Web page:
For many people, the word ‘Amish’ is synonymous with a number of things. Hard work, beards, farming, horse-drawn buggies and religion being the more common associations. Drunk driving, however, is not usually something one associates with the Amish, and with good reason – their religion frowns on intoxication and in some cases, bans it completely.
So the drunken Amish couple who were pulled over in their horse and buggy recently are a somewhat unprecedented situation, as are the Michigan laws that dictate their consequences.
Media sources report that numerous 911 calls came in about an Amish couple in a traditional horse and buggy on a Saturday before noon. This may not have been big news in Branch County, Michigan, but the fact that they were travelling south down the Fenn Road exit ramp into northbound traffic on I-69 was!
It was raining at the time, and the traffic was heavy, making the situation possibly more dangerous. In response, a Michigan State Police Trooper stopped the couple in one of the truck weigh station lanes about a mile south of the interchange. It was then discovered that the couple were intoxicated, a fact backed up by the fifth of alcohol police discovered inside their buggy, under a blanket.
Interestingly, this wasn’t the first time that day that this particular couple and their horse-drawn buggy had encountered the police. The Coldwater Police had apparently stopped the same couple earlier that day, also in relation to intoxication, but didn’t have cause to hold them.
Michigan State Police officers drove the couple back to their home in Algansee township, and the Branch County Sheriff’s Office had deputies bring in a horse trailer because returning the horse and buggy to the couple’s farm via the highway would have been dangerous. Given this situation, one would have expected the couple to be arrested for drunk driving and jailed, not given a ride home. But Michigan law, it seems, is very specific about this.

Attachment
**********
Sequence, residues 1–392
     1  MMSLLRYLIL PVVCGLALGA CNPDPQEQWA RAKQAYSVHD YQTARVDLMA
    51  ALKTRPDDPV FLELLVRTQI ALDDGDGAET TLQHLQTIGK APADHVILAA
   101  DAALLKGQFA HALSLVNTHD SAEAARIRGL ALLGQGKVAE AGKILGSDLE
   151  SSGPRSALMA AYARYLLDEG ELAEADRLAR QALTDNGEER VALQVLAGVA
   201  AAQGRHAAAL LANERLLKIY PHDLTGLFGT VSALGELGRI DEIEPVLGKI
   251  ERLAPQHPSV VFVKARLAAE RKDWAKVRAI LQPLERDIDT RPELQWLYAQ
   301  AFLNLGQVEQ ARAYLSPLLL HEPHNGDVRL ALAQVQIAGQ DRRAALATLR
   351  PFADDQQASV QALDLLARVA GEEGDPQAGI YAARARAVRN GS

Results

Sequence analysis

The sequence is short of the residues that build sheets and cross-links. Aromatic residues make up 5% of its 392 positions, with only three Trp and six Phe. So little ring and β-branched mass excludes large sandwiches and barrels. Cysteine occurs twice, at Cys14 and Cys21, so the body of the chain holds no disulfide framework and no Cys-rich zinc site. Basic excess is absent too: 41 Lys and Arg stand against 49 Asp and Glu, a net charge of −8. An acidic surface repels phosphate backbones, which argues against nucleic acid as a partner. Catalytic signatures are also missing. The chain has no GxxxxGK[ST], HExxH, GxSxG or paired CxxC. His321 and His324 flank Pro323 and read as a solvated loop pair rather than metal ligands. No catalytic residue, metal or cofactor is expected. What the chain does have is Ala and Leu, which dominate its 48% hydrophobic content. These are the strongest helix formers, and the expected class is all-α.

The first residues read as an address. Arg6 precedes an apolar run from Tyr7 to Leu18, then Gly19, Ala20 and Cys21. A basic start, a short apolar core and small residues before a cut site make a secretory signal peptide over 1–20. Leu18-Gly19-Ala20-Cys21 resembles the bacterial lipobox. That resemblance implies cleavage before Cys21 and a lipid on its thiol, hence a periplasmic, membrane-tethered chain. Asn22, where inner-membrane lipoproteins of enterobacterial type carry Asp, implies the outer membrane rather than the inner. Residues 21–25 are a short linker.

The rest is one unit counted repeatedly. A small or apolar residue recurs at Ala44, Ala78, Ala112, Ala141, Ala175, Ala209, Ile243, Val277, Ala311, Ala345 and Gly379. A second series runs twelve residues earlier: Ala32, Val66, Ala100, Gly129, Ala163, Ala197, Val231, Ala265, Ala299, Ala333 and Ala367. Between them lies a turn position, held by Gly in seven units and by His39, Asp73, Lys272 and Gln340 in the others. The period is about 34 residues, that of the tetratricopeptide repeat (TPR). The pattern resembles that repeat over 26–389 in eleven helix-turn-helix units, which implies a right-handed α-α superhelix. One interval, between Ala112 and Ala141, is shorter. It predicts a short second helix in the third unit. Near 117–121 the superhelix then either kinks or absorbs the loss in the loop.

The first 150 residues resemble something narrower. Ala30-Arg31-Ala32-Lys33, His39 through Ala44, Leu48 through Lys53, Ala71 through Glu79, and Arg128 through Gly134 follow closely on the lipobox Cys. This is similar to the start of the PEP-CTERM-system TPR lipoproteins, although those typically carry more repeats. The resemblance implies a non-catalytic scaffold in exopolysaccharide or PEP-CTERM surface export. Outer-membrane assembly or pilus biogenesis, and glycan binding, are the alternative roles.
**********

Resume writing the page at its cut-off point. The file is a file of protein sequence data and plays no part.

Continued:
Under Michigan law, Operating While Intoxicated is clearly explained as being Section 257.625 of the Michigan Vehicle Code refers explicitly to operating a motor vehicle while under the influence of alcohol, motor vehicle being the key words there. It does not include a horse, and any kind of horse-drawn conveyance, in the law’s description of a vehicle.
According to Michigan state law, a “motor vehicle” can refer to just about anything with a motor, however small and insignificant seeming. This means that a person can be arrested for drunk driving in a car, on a motorcycle, and even on a snowmobile, ATV, or riding lawnmower. A horse and cart, however, do not count. For this reason, the couple cannot be charged for drunk driving.
Updates to the story say that the Michigan State Police were once again called to the couple’s home that night to deal with a problem, but no information is available regarding the nature of the domestic disturbance. MSP officers are continuing to investigate the situation, and may seek charges against the couple in the future. With regard to other consequences, apparently the Amish Bishop in the couple’s community has taken away their horse and buggy.